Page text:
Spring Maintenance

Spring Maintenance Tips

 

1. Check your exterior drains

Will rainwater flow away from the house? Poor or inadequate drainage can cause water damage to your home. Ponds should not stand around your home for more than 24 hours. If water stays or moves toward your foundation, you have a few options. First, check your gutters. It could be a bad spout or a loose connection there. Second, you can grade the area around your home yourself with some dirt. Third, for pavement, you can have professionals come out and raise it so it drains away from your home.

2. Clean out ducts and gutters

Clean debris from all gutters and ducts. They probably have accumulated fall leaves, dirt and sediment from snow and/or winter rains. Check for loose or leaking gutters and make sure the ducts are laid so that water drains away from the foundation of your home.

 

 

3. Check the edges of windows and doors

Cold weather can cause the seals around windows and doors to loosen, harden and crack. Examine seals and slats around doors and windows to see if they are broken or damaged. Look for cracks in window glass and around panels. Check for cracked paint and other signs of wear on window and door frames and bases, usually in the lower corners. Check window action for clogging points. Repair as needed. Another important point is to verify that the drainage holes at the bottom of window frames have not been sealed with insects, debris or bugs as this inhibits water drainage, which can cause water to fill the channel and spill into the interior of the house.  To see if the drainage system is working, you can pour a glass of water on the rail or spray the outside of the window with a garden hose. If you don’t see a steady stream of water coming out of the drain hole, you can try to clean it by spraying with compressed air and trying to remove the debris in the holes.

Maintaining window and door seals will help reduce summer air conditioning costs and keep water out of your home.

4. Inspect the interior and exterior walls of your home

On the outside of the house, Is there cracked paint? Is any part of the siding damaged in the winter? Is there a hole in the brick? Also check that there are no cracks in the foundation. A good silicone/caulk can fix a lot of your problems. In short, take a deep look around the whole house and make any necessary repairs.

If your house was built before 1978, you should pay special attention to cracked paint and particles that may come off. Many homes and apartments built before 1978 have lead-based paint. Lead in paint, particulates, and dust can be a serious health hazard if not handled properly. In this sense, the Environmental Protection Agency (EPA) makes some recommendations to keep your home in good condition and reduce the risks associated with lead:

  • Regularly check your home for chipping, peeling, or deteriorating paint, and address issues promptly without excessive sanding. If you must sand, sand the minimum area needed, wet the area first, and clean up thoroughly.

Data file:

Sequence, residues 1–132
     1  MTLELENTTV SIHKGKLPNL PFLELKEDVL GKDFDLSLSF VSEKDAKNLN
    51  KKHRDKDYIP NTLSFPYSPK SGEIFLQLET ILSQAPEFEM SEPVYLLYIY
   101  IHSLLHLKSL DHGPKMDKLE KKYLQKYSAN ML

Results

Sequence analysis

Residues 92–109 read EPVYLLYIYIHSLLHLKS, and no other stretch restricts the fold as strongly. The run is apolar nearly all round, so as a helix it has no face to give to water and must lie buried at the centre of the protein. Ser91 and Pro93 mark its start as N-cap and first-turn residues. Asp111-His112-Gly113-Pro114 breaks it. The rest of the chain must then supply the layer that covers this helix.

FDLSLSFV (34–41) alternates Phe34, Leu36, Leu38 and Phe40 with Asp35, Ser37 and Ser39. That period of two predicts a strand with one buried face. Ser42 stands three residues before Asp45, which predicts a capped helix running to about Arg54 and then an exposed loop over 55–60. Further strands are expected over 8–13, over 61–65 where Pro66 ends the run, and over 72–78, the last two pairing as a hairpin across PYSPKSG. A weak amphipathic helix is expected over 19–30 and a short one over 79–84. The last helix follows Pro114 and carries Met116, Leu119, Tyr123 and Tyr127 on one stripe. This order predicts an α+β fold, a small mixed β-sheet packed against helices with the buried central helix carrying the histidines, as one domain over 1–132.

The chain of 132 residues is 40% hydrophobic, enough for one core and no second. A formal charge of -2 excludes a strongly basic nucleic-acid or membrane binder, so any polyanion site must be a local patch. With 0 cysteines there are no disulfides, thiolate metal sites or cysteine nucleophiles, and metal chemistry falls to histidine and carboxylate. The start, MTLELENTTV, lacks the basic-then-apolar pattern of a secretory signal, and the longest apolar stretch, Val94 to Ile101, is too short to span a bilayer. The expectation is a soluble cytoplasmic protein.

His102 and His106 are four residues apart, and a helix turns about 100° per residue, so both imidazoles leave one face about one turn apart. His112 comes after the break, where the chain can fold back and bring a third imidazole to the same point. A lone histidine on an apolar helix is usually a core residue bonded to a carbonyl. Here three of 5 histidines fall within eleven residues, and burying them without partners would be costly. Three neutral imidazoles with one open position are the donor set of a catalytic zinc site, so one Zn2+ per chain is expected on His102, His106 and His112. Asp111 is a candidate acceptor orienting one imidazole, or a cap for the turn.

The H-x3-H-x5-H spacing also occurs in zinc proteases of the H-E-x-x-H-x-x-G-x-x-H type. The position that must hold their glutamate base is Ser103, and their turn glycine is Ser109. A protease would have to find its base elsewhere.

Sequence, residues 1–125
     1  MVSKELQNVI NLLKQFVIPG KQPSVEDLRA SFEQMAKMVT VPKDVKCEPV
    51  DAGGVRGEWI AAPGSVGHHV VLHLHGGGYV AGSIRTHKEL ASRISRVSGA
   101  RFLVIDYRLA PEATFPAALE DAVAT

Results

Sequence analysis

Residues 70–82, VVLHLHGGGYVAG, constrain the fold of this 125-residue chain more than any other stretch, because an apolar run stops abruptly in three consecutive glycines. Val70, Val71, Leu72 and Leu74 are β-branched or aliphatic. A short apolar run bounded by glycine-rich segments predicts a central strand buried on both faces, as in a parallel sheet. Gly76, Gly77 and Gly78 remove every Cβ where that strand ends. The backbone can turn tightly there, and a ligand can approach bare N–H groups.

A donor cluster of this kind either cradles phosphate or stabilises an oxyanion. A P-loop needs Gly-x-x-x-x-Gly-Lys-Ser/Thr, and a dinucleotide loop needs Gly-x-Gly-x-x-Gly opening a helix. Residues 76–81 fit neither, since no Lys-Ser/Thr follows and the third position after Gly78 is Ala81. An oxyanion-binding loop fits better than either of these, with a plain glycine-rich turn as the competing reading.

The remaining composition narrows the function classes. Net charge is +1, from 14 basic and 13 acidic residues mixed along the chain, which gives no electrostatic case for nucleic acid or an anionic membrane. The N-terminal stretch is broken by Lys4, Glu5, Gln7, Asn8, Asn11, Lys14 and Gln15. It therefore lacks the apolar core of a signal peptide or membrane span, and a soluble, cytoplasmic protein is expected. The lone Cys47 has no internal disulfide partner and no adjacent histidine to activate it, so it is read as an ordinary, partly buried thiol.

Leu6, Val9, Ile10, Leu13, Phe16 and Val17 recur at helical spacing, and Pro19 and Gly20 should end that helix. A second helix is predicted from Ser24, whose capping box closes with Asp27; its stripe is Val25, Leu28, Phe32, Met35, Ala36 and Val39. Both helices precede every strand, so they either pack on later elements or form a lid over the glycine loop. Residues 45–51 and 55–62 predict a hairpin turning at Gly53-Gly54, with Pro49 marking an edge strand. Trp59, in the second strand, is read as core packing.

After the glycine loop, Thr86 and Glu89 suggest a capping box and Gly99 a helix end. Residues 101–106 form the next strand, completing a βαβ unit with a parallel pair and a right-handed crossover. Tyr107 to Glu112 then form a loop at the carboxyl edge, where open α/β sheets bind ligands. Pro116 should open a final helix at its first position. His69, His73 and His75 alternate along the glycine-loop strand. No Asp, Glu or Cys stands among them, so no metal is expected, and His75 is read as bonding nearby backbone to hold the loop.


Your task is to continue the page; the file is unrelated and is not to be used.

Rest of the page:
• Regularly check all painted areas that rub together or get lots of wear, like windows, doors, and stairways, for any signs of deterioration.
  • Regularly check for paint chips or dust – if you see some, remove carefully with a damp paper towel and discard in the trash, then wipe the surface clean with a wet paper towel.
  • Wipe down flat surfaces, like window sills, at least weekly with a damp paper towel and throw away the paper towel.
  • Mop smooth floors (using a damp mop) weekly to control dust.
  • Remember to test for the presence of lead and lead hazards by a lead professional – this will tell you where you must be especially careful.

You can get more information and recommendations by visiting https://www.epa.gov/lead/protect-your-family-exposures-lead#homeleadsafe

5. Prepare the air conditioning system for summer

Consider hiring a maintenance service approximately one month prior to regular summer use.

 

 

 

6. Clean plants and shrub, weeds, etc.

This can be considered a gardening tip, but if you didn’t trim the trees and shrubs in the fall, it’s advisable to do it now. Plants can make their way through cracks and holes on the outside of the house, causing damage and affecting the longevity of the house. Also, make sure tree branches are not interfering with power lines. If necessary, hire a professional to do the work of cutting them.

 

7. Inspect for roof damage, leaks, or seeping

The roof of your home is one of the vital elements that must be maintained to avoid damage inside your home. Visually inspect the roof; the most common signs that a repair is needed are deformations, cracks or loose shingles. Also, examine coatings around chimneys and vents. If you can’t see high ceiling areas, hire a certified professional to inspect and make necessary repairs.

 

8. Clean window unit air contioners

Window air conditioners often store a lot of debris, dust, dead insects, or mold after winter storage. Many of these particles may contain health threats, so it is recommended that before reinstalling in the window, vacuum all surfaces, especially the cover on the outside of the unit. Also remove the cover panel, vacuum and clean the foam filter. This cleaning will also help maintain the efficiency and performance of the air conditioning equipment.